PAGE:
Scorpions are fearsome-looking soil animals with a pair of large claws at the front end and a sting in the tail at the back. Native Australian scorpions will give you a painful sting but they are not the deadly ones such as those that live in the Middle East and Mexico. There is always the possibility that some people may react badly to the venom. It is best to avoid touching them with your hands - the use of a long-handled pair of forceps is highly recommended! They are arachnids and related to spiders and mites as they have 4 pairs of legs. Scorpions have a heavily armoured outer skin and have the "banded" appearance of most arthropods. Scorpions have simple eyes on the head.

A scorpion found under a rock in eastern Australia.

Pectines are two comb-like sensory organs on the underside of scorpions. They are sensitive to chemicals and help detect prey and potential mates.

Scorpions are solitary creatures and are predators in the underground world. They hide under logs and stones during the day and become active at night. They can sit at the entrance to their home and apply a lie-in-wait strategy, nabbing any hapless arthropod that wanders by. Or they can emerge at night to actively hunt smaller soil and litter animals such as beetles, spiders, millepedes, and insect larvae. The venom in the sting immobilises or kills the prey so that it is easier for the claws to pick their food to pieces and to suck out the soft tissues of the prey. However, some species use the sting mainly for defence. They can go for long periods between meals (up to 6 months in some Australian species) and then eat up to one-third of their body weight.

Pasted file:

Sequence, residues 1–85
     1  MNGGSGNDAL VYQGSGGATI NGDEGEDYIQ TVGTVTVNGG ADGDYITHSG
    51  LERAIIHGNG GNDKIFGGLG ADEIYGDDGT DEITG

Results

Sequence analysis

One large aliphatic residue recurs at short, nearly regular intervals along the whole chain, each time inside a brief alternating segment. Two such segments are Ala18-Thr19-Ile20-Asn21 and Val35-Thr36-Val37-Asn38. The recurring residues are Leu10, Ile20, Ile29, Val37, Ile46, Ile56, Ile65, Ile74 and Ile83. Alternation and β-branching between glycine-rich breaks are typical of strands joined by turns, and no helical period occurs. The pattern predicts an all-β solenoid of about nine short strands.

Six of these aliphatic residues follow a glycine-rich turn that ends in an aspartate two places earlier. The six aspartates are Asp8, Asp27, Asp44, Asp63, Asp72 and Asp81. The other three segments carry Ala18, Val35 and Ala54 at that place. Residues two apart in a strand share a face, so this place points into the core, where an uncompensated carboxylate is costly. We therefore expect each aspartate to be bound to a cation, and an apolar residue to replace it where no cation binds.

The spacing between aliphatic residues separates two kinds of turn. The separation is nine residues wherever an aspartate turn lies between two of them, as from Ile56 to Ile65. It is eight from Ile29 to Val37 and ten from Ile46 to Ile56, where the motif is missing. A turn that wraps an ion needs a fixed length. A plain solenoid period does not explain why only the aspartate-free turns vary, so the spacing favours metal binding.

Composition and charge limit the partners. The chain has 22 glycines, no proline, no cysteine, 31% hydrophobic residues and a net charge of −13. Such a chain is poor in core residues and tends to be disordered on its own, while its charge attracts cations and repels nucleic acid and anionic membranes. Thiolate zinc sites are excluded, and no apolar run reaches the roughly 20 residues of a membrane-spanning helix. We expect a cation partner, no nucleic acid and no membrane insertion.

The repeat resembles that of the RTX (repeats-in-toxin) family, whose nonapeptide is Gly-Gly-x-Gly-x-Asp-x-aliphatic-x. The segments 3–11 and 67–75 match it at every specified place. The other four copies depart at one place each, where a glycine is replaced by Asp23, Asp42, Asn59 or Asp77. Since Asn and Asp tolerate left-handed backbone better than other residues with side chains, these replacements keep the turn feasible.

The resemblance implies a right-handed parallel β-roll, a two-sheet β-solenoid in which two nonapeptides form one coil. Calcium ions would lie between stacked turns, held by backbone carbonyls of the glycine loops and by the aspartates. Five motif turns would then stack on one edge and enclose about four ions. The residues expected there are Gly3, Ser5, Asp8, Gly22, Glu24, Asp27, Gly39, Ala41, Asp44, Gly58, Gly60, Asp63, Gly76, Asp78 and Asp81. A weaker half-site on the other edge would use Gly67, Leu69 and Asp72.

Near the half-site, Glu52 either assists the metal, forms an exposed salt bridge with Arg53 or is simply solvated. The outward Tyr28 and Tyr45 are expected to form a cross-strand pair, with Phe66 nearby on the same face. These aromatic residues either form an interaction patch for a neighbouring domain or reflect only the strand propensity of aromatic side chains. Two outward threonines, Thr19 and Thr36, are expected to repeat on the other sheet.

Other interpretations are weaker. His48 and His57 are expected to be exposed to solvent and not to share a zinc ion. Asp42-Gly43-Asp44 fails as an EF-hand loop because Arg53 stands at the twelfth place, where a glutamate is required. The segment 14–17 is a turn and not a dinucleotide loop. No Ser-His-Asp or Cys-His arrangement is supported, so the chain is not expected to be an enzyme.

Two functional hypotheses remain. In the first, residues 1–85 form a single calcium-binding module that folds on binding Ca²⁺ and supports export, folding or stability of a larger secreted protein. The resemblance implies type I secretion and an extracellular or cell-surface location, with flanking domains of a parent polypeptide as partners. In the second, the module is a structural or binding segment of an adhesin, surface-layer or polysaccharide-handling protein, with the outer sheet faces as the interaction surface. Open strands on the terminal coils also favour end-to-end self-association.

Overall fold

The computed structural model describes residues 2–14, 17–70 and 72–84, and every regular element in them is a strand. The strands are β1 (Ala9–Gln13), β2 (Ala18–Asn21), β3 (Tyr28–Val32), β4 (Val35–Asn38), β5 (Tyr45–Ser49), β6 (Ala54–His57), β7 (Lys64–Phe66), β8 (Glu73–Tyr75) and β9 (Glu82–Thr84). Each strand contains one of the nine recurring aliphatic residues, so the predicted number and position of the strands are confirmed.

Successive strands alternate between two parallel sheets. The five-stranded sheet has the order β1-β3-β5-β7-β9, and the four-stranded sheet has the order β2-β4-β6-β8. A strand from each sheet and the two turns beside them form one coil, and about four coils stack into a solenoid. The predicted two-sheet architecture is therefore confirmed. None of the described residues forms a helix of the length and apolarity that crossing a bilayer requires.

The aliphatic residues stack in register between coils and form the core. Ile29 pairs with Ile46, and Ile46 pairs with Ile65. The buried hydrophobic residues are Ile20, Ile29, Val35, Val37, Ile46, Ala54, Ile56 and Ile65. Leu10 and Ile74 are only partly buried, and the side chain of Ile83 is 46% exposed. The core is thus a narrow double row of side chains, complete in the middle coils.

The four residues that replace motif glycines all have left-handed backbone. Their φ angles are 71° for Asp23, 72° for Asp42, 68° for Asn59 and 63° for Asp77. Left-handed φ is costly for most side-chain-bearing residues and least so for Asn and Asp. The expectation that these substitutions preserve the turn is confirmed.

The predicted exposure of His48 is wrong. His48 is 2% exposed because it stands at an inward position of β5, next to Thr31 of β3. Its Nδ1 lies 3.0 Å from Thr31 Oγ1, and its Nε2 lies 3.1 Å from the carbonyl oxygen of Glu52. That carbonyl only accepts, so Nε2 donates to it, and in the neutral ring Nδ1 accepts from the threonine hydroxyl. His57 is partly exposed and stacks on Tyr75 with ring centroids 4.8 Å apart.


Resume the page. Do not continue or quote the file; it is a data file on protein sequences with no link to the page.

A scorpion eyeing off his cricket prey.

They are found all over Australia, even in deserts, and are found under stones and logs where they excavate "scrapes" in the soil to lie in. Some also build burrows (up to 1 m in depth in arid regions) which the scorpion can seal off when it is hot and dry to create a more stable environment. They also make use of a sealed underground cell when they moult and are vulnerable to predation themselves.

Scorpion found under rock in eastern Australia.

A scorpion hole in sand near Pt Augusta, South Australia.

Some scorpions have long gestation periods - up to 18 months between mating and the birth of the live young. This is as long as that of the black rhinoceros! The young scorpions are white when born and are carried around on the mother scorpion's back for several weeks. The young scorpions moult, grow, develop the brown colour and eventually leave the mother to start independent life.

Young white scorpions on mother's back (February, eastern Australia).

Two weeks later - an older young scorpion, now brown.

Disco Scorpions?
Scorpions fluoresce if lit with a long-wavelength ultra-violet light, called a “black light”. This feature helps scorpion collectors find them in their natural habitats.
Take them into a dark room, turn on the UV light and the only thing visible is a perfect scorpion glowing eerily green. Spooky!

Scorpions would look very cool at a dance!

A scorpion seeking shelter - you can clearly see the four pair of legs in the second picture.